50 Tongue Twisters in English to Improve and Challenge Your Pronunciation Skills [Audio Included]
Peter Piper picked a peck of pickled peppers.
Tongue twisters like the one above are a lot of fun to say!
In case you haven’t heard the term, a tongue twister is a phrase or sentence that is difficult to say quickly and accurately, often because it’s repetitive or alliterative (the same sounds repeating), causing speakers to stumble over their words.
They can be great for English learners because they really help you practice and improve your pronunciation of English sounds.
Read on for 50 of my favorite tongue twisters in English. For each tongue twister, I’ll also explain the important vocabulary, and I’ll include audio, too, so you can practice and repeat the words until you get them just right!
- Beginner Tongue Twisters in English
- Intermediate Tongue Twisters in English
- Advanced English Tongue Twisters
- How to Practice Pronunciation with English Tongue Twisters
- And One More Thing...
Beginner Tongue Twisters in English
1. I scream, you scream, we all scream for ice cream
Notice the similar sounds in “I scream” and “ice cream.” This well-known tongue twister will help you practice the s sound and the soft c sound.
- Scream: to say something or make a sound in a very loud voice
- Ice cream: a frozen food that’s sweet and usually made of milk or cream
2. Cooks cook cupcakes quickly
This short tongue twister will help you with the hard k sound, like in “cook,” and the kw sound in “quickly.”
- Cooks: people who cook, usually as a job
- Quickly: fast
3. Seventy-seven benevolent elephants
For all of those having trouble with the v sound, this is the tongue twister for you.
- Benevolent: kind, not selfish
- Elephants: large gray animals with tusks, a trunk and big ears
4. Betty loves the velvet vest best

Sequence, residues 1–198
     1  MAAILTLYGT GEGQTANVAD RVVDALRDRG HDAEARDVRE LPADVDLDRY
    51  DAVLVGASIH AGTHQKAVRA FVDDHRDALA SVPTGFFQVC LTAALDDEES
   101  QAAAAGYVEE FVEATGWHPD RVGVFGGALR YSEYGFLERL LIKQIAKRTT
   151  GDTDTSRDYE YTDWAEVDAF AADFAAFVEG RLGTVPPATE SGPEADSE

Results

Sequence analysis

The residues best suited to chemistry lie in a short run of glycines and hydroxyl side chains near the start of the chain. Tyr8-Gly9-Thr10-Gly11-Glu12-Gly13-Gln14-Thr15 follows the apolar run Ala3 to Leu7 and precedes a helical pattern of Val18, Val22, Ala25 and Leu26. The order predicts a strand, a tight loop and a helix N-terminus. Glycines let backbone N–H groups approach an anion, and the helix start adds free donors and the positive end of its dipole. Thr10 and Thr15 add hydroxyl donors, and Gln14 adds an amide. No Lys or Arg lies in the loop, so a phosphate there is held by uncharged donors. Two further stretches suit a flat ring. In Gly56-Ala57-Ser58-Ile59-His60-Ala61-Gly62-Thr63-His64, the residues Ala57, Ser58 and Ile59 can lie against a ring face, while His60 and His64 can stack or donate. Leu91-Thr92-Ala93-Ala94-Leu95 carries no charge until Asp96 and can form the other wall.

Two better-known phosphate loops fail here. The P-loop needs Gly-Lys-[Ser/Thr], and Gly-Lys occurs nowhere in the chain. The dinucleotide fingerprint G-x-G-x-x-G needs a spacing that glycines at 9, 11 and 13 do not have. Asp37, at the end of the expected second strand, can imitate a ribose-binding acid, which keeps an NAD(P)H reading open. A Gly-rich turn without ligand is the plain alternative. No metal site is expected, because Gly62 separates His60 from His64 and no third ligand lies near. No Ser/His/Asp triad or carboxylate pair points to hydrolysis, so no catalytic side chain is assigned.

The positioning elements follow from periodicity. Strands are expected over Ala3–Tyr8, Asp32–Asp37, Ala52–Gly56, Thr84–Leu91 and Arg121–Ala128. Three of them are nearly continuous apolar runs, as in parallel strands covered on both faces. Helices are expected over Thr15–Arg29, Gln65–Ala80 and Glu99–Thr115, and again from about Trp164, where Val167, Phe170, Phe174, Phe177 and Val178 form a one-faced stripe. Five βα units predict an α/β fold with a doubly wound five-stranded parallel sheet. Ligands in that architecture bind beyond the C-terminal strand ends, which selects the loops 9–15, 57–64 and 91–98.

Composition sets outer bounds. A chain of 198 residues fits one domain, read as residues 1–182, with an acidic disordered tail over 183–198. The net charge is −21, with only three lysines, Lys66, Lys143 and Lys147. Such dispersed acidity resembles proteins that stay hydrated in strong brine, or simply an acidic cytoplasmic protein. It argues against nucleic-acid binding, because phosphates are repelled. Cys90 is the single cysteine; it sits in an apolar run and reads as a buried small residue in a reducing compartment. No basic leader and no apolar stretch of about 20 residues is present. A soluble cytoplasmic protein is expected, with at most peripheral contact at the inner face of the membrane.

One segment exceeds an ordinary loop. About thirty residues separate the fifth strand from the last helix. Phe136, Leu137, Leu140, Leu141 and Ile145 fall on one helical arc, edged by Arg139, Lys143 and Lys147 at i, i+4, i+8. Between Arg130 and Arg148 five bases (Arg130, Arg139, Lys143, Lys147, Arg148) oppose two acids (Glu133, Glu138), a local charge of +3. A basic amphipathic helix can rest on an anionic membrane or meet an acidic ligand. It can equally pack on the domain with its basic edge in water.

Here you’ll get some practice with the b and v sounds, which can be challenging for some English learners.
- Velvet: a soft material used for some clothes
- Vest: a shirt without sleeves
5. Truly rural
This is short and sweet, but it can still be a bit tricky! Here, you’re practicing the difference between the r and l sounds.
- Truly: really
- Rural: countryside (as in, not a city)
6. Vivacious Val vacuumed Violet’s very vivid vehicle
Great practice for the v sound! There are also some short i sounds, like in “vivacious” and “vivid.”
- Vivacious: lively and full of energy
- Vacuum: a loud tool used for cleaning the floor
- Vivid: a very deep or bright color
7. To sit in solemn silence in a dull, dark dock in a pestilential prison with a life-ong lock awaiting the sensation of a short sharp shock from a cheap and chippy chopper on a big black block
This English tongue twister is filled with repeated sounds, including the consonant sounds d, l, s and b. It’s also common for English learners to mistakenly pronounce the sh in “short, sharp shock” and the ch in “cheap and chippy chopper” as the same.
- Dull: not bright or interesting
- Pestilential: causing infections or diseases
- Sensation: feeling
8. Peter Piper picked a peck of pickled peppers
This one focuses on the p sound and challenges your ability to say a lot of them very quickly.
- Peck: a bunch of something
- Picked: to select or harvest
9. How can a clam cram in a clean cream can?
This tongue twister combines the k and cl sounds, testing your ability to say these two closely related sounds.
- Clam: an animal that lives in a shell in the ocean
- Cram: to stuff something into a small space
10. Fuzzy Wuzzy was a bear. Fuzzy Wuzzy had no hair. Fuzzy Wuzzy wasn’t very fuzzy, was he?